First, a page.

Created by Congress in 1965, the Land and Water Conservation Fund (LWCF) was designed to safeguard natural areas, water resources and our cultural heritage, and to provide recreation opportunities to all Americans. National parks like Rocky Mountain, the Grand Canyon, and the Great Smoky Mountains, as well as national wildlife refuges, national forests, rivers and lakes, community parks, trails, and ball fields in every one of our 50 states were set aside for Americans to enjoy thanks to federal funds from the LWCF.
It was a simple idea: use revenues from the depletion of one natural resource - offshore oil and gas - to support the conservation of another precious resource - our land and water. Every year, $900 million in royalties paid by energy companies drilling for oil and gas on the Outer Continental Shelf (OCS) were to be put into a fund specifically for LWCF activities. Unfortunately, the royalties intended for this so-called “fund” have historically been shifted to funding activities elsewhere in government. The money set aside for LWCF projects is intended to create and protect national parks, national forests, and national wildlife refuges, to fund conservation easements, and to provide matching grants for state and local parks and recreation projects.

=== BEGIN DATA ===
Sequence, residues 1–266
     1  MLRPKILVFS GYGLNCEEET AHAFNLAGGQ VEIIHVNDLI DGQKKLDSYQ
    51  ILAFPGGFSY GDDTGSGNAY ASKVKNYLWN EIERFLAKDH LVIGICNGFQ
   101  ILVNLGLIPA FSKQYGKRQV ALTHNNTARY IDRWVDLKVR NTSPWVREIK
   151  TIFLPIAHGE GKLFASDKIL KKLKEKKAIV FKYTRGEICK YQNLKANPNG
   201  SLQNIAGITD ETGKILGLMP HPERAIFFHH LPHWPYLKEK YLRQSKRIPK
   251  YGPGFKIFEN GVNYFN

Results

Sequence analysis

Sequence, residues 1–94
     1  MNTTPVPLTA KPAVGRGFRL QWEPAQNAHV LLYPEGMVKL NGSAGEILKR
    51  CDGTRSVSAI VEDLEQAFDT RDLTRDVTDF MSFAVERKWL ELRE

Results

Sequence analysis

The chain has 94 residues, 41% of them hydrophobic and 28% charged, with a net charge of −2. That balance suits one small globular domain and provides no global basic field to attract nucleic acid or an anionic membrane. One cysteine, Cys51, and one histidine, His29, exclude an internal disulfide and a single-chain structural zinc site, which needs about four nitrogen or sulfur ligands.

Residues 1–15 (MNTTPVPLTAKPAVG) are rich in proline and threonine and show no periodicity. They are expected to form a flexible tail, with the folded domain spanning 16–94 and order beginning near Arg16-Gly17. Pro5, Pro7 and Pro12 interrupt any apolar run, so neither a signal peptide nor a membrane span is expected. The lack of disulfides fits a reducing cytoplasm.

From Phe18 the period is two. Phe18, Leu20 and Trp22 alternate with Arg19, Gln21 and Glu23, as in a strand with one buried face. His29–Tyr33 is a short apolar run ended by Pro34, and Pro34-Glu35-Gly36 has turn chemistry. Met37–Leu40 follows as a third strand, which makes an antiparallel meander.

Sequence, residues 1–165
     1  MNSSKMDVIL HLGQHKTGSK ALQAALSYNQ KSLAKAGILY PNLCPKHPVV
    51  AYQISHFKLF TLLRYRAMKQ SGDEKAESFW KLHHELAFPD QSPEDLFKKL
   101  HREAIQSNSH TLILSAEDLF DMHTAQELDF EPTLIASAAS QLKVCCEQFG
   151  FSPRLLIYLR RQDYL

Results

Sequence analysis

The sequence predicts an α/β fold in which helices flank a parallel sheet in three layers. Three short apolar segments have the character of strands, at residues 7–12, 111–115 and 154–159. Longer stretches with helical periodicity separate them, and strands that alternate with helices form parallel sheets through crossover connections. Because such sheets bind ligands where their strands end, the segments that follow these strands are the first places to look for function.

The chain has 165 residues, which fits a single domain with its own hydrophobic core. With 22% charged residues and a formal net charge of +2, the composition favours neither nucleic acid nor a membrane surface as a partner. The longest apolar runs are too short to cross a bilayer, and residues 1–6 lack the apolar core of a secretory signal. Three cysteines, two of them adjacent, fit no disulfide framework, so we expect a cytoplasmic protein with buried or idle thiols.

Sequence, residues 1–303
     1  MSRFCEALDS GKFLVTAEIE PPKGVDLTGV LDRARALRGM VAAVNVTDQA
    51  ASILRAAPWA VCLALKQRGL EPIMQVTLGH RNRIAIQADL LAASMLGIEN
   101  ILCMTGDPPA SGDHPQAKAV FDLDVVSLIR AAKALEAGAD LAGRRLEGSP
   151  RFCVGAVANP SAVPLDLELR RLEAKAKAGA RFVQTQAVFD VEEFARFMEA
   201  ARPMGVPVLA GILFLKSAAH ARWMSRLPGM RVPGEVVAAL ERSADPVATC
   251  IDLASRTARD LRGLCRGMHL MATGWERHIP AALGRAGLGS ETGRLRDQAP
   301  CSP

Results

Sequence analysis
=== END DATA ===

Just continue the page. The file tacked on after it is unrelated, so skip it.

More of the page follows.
The Dakota Grassland Conservation Area and the Dakota Tallgrass Prairie Management Area (shown in the map to the right) are an example of the very few LWCF acquisition areas within the PPJV. LWCF funds can only be spent within an area encompassed by an approved acquistion boundary. Once funding specific to the LWCF area is provided, willing and interestered landowners could sell their land in fee title or place a permanent conservation easement on their property. From a landowner's perspective - it’s completely voluntary!